I noticed today that almost every entry I have written has been done while I am in Bowling Green. At home I have distractions that I don't have when I am here. I have my loving husband, my wonderful friends, my pets, my household responsibilities, my life's home base, so to speak. When I am here in BG, and believe me I want to be here, there are no distractions from the reality that my dad is dying from a horrible disease. Today was one of the toughest days yet.
I'm emotional to a fault. I have been my entire life. My mom used to tease me that I would cry at a K-Mart grand opening. The stage of life that I am in now when my body is going through hormonal changes has ramped the emotions up to 11 (Spinal Tap reference). I often tell people that it is really a handicap. I have no control over it. I have a pretty high level job in a large company that sells DVDs. Nothing is quite as embarassing as sitting in a meeting full of peers while a studio is showing trailers from their upcoming slate of releases and tearing up during a preview. I can't tell you how many times I have struggled to pull it together before the lights come back on. It is terrible. Since daddy has been sick, there have been days where I have literally cried the whole day. Seriously, the salty discharge will not stop. Today was one of those days. Daddy just didn't want to get up today. It freaks me out a bit when these days roll around because I know we are entering a new stage in his decline. He did finally decide he wanted to get up and move to his chair in the den around 1:30 this afternoon. I know that the day is coming where he just doesn't get out of the bed anymore. His body is actually lumpy through his back and abdomen from the tumors that are growing. He hurts. He is weak. Yesterday afternoon he had an episode where he got very flushed and sweaty, shaky, dizzy and nauseous. I knew it was a sugar drop (he is diabetic) and tried to get him to drink some juice. He got a few swallows down and began to feel better. Jan told me this morning that last night when they went to bed, he told her he thought he was dying during that spell and that he was so disappointed when he didn't. That breaks my heart.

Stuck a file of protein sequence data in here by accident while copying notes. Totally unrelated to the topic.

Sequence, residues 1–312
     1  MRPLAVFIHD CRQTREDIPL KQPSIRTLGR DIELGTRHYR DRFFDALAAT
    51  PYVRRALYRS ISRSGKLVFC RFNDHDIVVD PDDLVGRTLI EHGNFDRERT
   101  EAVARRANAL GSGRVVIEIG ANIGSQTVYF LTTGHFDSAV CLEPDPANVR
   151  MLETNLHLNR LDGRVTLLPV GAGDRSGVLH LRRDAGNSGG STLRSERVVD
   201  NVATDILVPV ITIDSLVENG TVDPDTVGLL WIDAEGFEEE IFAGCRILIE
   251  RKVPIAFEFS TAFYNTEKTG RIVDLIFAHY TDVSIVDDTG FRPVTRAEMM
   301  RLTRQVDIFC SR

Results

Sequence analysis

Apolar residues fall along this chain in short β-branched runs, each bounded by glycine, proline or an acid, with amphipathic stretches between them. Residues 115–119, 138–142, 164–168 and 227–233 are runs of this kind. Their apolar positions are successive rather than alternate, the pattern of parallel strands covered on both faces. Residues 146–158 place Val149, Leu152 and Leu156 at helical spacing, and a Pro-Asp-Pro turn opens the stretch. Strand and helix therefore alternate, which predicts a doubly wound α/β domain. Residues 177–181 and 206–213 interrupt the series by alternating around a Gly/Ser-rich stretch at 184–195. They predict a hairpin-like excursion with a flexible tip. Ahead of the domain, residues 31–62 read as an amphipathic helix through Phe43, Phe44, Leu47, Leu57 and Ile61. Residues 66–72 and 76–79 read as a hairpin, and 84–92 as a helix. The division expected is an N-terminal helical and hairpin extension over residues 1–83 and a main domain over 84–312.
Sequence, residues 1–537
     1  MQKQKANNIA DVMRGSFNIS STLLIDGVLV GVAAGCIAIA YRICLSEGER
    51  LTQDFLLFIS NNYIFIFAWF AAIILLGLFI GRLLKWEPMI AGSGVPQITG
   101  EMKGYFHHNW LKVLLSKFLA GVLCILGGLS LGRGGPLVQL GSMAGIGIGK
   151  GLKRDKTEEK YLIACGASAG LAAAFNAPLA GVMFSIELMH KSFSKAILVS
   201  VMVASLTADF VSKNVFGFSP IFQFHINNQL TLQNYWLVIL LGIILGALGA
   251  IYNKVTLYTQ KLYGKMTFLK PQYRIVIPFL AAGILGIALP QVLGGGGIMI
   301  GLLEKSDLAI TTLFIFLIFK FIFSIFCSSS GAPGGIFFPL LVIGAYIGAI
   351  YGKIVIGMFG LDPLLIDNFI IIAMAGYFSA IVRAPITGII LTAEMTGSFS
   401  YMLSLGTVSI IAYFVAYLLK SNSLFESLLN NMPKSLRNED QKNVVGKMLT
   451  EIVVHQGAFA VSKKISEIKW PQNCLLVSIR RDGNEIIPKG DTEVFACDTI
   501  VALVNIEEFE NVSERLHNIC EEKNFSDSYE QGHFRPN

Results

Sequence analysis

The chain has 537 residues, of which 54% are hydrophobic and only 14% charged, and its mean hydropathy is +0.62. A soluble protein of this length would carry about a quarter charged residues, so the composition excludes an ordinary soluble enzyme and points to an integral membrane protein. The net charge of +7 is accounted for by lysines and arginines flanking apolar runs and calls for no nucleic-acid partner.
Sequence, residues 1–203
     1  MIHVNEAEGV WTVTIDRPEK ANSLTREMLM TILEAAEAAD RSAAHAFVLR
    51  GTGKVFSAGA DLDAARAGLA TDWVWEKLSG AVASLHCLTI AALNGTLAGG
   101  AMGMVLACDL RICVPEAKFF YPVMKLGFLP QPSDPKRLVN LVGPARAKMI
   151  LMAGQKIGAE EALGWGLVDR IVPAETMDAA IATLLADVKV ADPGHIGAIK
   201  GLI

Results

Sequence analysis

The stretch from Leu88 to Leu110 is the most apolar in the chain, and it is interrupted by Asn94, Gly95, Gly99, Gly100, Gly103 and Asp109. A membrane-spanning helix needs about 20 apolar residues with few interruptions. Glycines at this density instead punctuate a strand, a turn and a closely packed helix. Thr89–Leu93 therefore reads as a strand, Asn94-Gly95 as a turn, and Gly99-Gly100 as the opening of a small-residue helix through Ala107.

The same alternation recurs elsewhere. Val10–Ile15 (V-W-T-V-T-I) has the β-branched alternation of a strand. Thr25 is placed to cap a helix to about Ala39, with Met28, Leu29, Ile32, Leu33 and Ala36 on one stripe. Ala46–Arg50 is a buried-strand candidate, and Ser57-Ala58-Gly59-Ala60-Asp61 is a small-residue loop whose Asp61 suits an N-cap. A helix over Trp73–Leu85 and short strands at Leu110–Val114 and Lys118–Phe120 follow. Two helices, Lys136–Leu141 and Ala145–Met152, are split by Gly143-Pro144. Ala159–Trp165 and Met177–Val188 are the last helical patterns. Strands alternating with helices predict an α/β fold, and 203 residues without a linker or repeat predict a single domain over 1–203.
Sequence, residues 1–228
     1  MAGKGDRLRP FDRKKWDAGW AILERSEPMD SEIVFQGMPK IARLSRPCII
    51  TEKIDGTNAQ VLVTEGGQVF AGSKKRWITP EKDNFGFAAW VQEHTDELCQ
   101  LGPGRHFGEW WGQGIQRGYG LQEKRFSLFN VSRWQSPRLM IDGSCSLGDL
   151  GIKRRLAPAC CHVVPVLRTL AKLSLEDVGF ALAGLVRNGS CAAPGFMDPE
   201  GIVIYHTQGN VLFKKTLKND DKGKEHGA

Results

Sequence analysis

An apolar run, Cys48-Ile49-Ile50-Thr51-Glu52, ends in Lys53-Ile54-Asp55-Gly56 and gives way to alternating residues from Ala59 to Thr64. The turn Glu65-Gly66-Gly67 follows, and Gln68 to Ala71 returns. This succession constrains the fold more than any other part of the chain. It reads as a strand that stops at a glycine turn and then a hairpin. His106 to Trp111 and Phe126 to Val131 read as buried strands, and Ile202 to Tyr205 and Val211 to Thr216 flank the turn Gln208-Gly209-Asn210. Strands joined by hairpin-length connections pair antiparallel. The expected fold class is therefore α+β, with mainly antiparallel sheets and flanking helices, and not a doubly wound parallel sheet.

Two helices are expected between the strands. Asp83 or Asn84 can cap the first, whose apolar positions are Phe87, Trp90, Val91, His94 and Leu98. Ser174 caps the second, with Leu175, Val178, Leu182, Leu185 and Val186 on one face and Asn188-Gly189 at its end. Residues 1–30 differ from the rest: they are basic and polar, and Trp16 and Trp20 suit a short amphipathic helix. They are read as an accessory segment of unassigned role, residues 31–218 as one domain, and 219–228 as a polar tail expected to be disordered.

Where I am overly emotional, Jan holds tight to her emotions. Today we were eating breakfast and chatting and the next thing I know she has her head on the table and sobs are wracking her body from the soleslof her feet to the top of her head. I'm glad that she spilled some emotion. I think that is healthy, but it was so sad to see. I admittingly feel very sorry for myself that my dad is dying, but she is losing her life partner. Today was full of conversations about his future care. We both agree that giving him his maintenance drugs seems a bit ridiculous, but as long as he still wants to take them, we do. His potassium levels are elevated and we are supposed to give him this liquid that will flush the extra postassium from his system. Side effects are acute diarhea. Hell, the man can hardly get stand, let alone get to the toilet. We have both felt guilty that we have not given him that medicine, but why bother, really. Why put him through the misery and maybe the loss of dignity that the side effects may cause? His level will be out of whack again soon, his kidneys are failing. These decisions are logical, but making them is very tough. The hospice nurse helped us both feel a bit better about not treating him. She was very matter of fact about the weeks to come and how much more difficult things will get. I appreciate her frankness. I want to know what to expect.
A little while ago I helped put my dad to bed, told him I loved him and wished him a peaceful night. I washed my face, brushed my teeth and climbed into the guest bed like I have done many nights over the past several weeks. I try to read, try to meditate, am successful sometimes and calming my mind, but more often than not, in this quiet time, the reality of it all just smacks me in the face.